This post will go through what you need to know about when to fish tokyo rig swimbaits for bass. The tokyo rig is a fantastic set up for getting deep quickly. Plus, it helps keep your bait snag free, and weedless. A lot of folks use the tokyo rig for pitching and flipping texas rigged craws and worms, but you will find more success putting a swimbait on a tokyo rig for a variety of reasons. Let’s walk through those reasons and everything you need to know about when to use a tokyo rig.
When to Use Tokyo Rig
Swimbaits on a Tokyo Rig are awesome! You will find a lot of success on them when situations are right. The Tokyo Rig Swimbait is the perfect tool for extreme depths and maintaining bottom contact with a swimbait. Traditional swimbait lead head set up’s can be hard to fish. It is tough to pick the right weight and know exactly where you are at in the water column. You can avoid this frustration with a tokyo rig. Plus, run your swimbait through cover to pick up some great fish! Look for the following types of situations when you are out bass fishing, and tie on a tokyo rig swimbait for some stoke!
Tokyo Rig Swimbait Conditions
The Tokyo Rig is a fantastic tool for deep water swim baits. It gives you the ability to change out the weight and dial in to the right depth for fishing. You will find this set up will excel in the following situations.
- Heavy cover
- Fish are holding tight to the bottom
- Deep water 20 + or deeper
- Windy Conditions
In these situations the tokyo rig swimbait will enable you to get to those bass and catch fish. Here’s how. In heavy cover the tokyo rig keeps your bait weedless to prevent hang ups. The tokyo rig will keep your bait glued down closer to the bottom than other traditional swimbait rigs. You can beef up your weight on a tokyo rig swimbait to get down to 20 feet deep or deeper quickly and cover water. In the wind a tokyo rig will help you maintain a better feel, and keep the bait keeled to prevent it from blowing off course.
Tokyo Rig Set Up
Here are some of the things you need to optimize your ability to fish the tokyo rig swimbait. The key is to use thin body style swimbaits. Plus, you need to pair the hook size to the right size of you swimbait. The smaller 3 inch swimbaits use a 2/0 tokyo rig hook set up. A 4 inch swimbait use a 3/0 hook set up. Anything over 4 inches try the 4/0 or 5/0 options you want to find what will work the best for you. Use the right hook to avoid not hooking up when those bass bite your bait.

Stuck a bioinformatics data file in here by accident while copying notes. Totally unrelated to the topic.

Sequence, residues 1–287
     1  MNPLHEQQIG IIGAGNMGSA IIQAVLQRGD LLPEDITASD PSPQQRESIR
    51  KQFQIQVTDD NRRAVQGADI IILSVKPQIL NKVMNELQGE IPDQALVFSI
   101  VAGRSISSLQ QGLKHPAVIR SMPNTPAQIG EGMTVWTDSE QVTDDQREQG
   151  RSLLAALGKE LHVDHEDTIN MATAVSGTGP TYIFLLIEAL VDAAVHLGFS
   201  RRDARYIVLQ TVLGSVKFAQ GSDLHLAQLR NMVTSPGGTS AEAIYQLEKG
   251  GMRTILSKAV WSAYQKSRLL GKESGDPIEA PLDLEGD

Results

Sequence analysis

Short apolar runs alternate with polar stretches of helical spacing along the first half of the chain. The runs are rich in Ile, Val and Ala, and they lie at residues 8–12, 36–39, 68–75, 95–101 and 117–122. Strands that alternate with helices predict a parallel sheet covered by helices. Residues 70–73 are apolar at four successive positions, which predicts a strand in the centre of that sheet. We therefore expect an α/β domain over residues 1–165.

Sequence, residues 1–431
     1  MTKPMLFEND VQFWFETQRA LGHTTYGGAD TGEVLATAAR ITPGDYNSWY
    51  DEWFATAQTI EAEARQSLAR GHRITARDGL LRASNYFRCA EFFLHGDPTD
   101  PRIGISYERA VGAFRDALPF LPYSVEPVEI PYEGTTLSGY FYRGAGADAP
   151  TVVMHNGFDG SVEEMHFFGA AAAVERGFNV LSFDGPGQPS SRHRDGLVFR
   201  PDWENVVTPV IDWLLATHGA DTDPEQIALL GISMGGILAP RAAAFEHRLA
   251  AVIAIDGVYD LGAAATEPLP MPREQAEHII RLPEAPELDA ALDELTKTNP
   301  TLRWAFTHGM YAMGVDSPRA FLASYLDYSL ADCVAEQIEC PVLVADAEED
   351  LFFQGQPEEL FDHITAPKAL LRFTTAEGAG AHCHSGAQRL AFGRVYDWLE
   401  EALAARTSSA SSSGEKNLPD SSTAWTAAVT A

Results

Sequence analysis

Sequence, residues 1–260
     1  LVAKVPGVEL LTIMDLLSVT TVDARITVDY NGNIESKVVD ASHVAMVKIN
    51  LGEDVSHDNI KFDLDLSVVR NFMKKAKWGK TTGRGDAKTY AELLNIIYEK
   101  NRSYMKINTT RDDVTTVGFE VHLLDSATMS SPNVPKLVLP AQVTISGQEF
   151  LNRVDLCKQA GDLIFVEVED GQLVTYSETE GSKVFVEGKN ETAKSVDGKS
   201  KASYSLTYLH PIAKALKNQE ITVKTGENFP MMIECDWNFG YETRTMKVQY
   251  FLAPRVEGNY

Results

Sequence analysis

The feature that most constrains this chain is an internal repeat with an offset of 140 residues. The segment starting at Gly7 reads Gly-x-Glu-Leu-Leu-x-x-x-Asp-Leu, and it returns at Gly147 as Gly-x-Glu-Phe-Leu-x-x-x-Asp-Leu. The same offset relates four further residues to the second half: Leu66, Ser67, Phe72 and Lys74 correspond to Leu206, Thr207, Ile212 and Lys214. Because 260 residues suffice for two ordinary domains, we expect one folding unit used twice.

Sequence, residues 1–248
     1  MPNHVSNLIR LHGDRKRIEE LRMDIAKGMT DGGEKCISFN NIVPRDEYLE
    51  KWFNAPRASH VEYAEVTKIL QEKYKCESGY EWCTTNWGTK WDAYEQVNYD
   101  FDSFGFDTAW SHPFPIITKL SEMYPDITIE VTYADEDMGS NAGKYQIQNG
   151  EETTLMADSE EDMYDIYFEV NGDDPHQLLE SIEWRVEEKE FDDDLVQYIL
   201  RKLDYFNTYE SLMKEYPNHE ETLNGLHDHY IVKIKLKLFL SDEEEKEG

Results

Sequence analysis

The best set up for throwing a tokyo rig swimbait is a solid baitcasting rod and reel paired with some fluorocarbon 10 – 15 lbs strength depending on how nasty the cover is your fishing. If you are planning on fishing this bait out deep, more back bone and power in your can really help to get the hook drove home on the bass. This rig can really cast a long way especially when you use a heavy weight.
Check out this list of gear and baits with links to help you get started out right with fishing swimbaits on a tokyo rig.
- Keitech Fat Swimbait
- Keitech Swing Impact – Use these on a small 2/0 tokyo rig for finesse applications. They rock!
- Tokyo Rigs
- Tungsten Weights Variety Sizes
- Baitcasting Rod
- 12 lbs Flourcarbon
- Bait Casting Reel
Tokyo Rig Fishing Video
Check out the video below of when and how to use a tokyo rig swimbait to catch bass. It includes footage of how to rig up your tokyo rig. Plus, some tips on retrieving this lure. Lastly, the video contains some fish catches to help you see how stoking this bait can be. Check out my YouTube channel for more great fishing tip video’s. This was filmed in the summer when the bass love deep grass at Sand Hollow Reservoir.
Tokyo Rig Fishing Insights
The Tokyo Rig with a steady retrieve on your swimbait is exceptional for fishing from the shore. This is important to know about when to use a tokyo rig swimbait to help you out. It prevents you from hanging up as much, and you can slowly drag it uphill easily. I’ve been throwing it from the bank with success quite consistently. Plus, the extra casting distance you can get with this rig helps a ton.
Lastly, The links above and below in this post are affiliate links were you can pick up baits, rod’s, reels, line, and anything else I use to “Krak” some bass on the Tokyo Rig. Krakenbass receives a small percentage of the sales through these links. I only use links to baits, and gear I personally trust and know work. These links are supposed to be helpful for you, and not for the small amount I make for the sale of the products. I hope these products can help you “krak” some bass like they have for me. Thank you for your support!
Just wanted to say Thank you man. When I’ve got the bug on the couch and can’t get out, or when I’m studying and learning new techniques, I seem resort back to a lot of your articles. You sound like you know your stuff. You’ve been doing this a long time now. Congratulations. Much respect. I’m headed to Clear Lake last week in April for my first pro tournament. Wish me luck? Thanks again. And just remember when things get Tough in Life or Fishing, just know there’s people out there that are grateful for you taking the time to help others learn this amazingly hard sport.
Thanks for the kind words. Not enoughof that kindness on the internet. Stoked to keep you slaying, when your feeling down. I appreciate the motivation.